“Some countries acquire technology only to have it become useless after six months, simply because they did not have the means to acquire spare parts or the people to maintain the technology.” 

He added that technology had to be appropriate for a specific country, as some advanced technology was not suited for Third World countries because the people were not prepared to assimilate it.  

The consensus among the experts seemed to be that a high-tech piece of medical equipment does not necessarily translate into good patient care.  

“If you have technology, but you don’t properly assess it or effectively utilise it, then what you have is very costly technology that does not satisfy your needs,” said Azman Hamid, director of the seminar and senior manager of Healthtronics, a company that provides consultancy on biomedical equipment maintenance and management services.  

Right intentions, wrong technology 

The issue of appropriate technology arose at a crucial point during the tsunami disaster. In the immediate aftermath of the waves, local authorities and relief teams, already hobbled by the scale of the destruction, faced another problem: all the wrong medical equipment was arriving. 

“Many parties were keen to help, but some sent technology that was inappropriate and caused an even bigger burden,” said Dr Sablee.  

Clearly, Indonesian doctors would not have been able to utilise high-tech equipment that came with foreign manuals which they could not read.  

To make matters worse, the equipment that was desperately needed was nowhere to be seen. 

Dr Sablee provided the example of semi-drowned survivors who were rescued but could not be saved because medical teams lacked the right equipment to prevent lung infection from setting in.  

“As a result, hundreds and hundreds of children who were recovered died,” he noted. 

He emphasised the need to assess the immediate, mid-term and long-term needs of the situation, to avoid recurrence of mistakes like sending electrical-operated ventilators to areas that had no electricity.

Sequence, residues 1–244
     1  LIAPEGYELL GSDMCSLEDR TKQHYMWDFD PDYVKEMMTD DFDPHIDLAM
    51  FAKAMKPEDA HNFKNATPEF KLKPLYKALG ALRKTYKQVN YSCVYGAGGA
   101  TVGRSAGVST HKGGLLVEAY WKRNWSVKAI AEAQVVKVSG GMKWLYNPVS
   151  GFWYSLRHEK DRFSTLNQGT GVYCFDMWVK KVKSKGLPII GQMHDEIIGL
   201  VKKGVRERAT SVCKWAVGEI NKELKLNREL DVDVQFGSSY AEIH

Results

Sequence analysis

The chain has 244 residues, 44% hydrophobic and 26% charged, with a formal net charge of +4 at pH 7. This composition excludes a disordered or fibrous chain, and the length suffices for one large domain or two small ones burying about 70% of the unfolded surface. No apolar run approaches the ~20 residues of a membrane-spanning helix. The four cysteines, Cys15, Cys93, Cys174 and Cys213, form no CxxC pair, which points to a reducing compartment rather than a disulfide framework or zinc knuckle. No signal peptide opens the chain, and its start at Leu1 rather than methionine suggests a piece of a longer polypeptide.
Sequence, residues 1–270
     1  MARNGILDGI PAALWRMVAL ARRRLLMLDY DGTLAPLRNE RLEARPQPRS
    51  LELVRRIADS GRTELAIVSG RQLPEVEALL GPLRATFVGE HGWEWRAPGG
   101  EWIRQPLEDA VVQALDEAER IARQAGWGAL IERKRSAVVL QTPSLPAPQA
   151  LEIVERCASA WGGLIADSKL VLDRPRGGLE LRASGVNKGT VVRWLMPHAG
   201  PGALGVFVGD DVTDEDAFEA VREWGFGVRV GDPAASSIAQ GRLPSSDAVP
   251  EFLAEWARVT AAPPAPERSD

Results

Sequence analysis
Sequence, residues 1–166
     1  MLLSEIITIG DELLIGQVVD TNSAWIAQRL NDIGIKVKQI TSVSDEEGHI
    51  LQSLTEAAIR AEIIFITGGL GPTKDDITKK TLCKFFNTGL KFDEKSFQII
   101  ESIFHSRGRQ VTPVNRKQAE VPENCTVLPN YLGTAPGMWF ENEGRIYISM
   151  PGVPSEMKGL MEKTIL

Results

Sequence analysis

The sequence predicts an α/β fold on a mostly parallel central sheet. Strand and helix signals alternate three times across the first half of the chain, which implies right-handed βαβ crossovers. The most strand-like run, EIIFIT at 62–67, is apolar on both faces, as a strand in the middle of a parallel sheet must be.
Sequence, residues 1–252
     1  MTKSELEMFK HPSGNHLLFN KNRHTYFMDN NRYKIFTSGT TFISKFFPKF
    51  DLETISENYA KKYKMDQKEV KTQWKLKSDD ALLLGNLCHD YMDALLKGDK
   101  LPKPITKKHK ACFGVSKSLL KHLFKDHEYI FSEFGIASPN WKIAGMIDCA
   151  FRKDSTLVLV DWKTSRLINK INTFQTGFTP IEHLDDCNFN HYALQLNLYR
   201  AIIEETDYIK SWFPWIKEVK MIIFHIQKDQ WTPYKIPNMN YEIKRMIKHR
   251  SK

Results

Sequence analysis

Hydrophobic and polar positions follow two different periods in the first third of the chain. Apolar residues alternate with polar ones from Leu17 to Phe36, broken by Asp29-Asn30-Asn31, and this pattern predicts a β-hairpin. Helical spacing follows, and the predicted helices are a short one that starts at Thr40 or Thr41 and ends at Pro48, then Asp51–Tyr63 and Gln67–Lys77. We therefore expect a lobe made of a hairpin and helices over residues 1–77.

Investing in the future 

In countries like Sri Lanka, India and Indonesia, existing hospitals are now struggling to cope with the increased turnover of patients, with mobile clinics fulfilling most of the healthcare needs in the rural areas.  

“Redevelopment of technology should rank high (for healthcare authorities), because the health of the people is a major priority,” said Ashok Shah, CEO of Healthtronics, who added that prevention of diseases was of utmost concern. 

Dr Sablee pointed out that “governments shouldn’t even be thinking of priority, (they) should give equal distribution of resources to all areas of rehabilitation, be it healthcare, social or spiritual development. One shouldn’t stop one and concentrate on the other.” 

But at what cost to the authorities of these countries, who are already struggling to deal with the massive loss of lives and infrastructure following the disaster? And if better technology comes at a higher premium, do poorer countries get the shorter end of the stick?  

“Medical equipment does not carry a price tag,” Dr Sablee immediately replied. “Healthcare technology is about patient care. If the technology helps saves lives, then you’ll have to get it somehow, whether you’re rich or poor.” 

Huge amounts of foreign aid have been pledged to help tsunami-affected countries in redevelopment.  

What the governments need to do now is to assess their resources and plan their investment wisely. 

The final element that is needed to put things in motion is the political will of each country. It is to be hoped that governments recognise what they can achieve in the long term, by rightfully managing the redevelopment of healthcare technology now.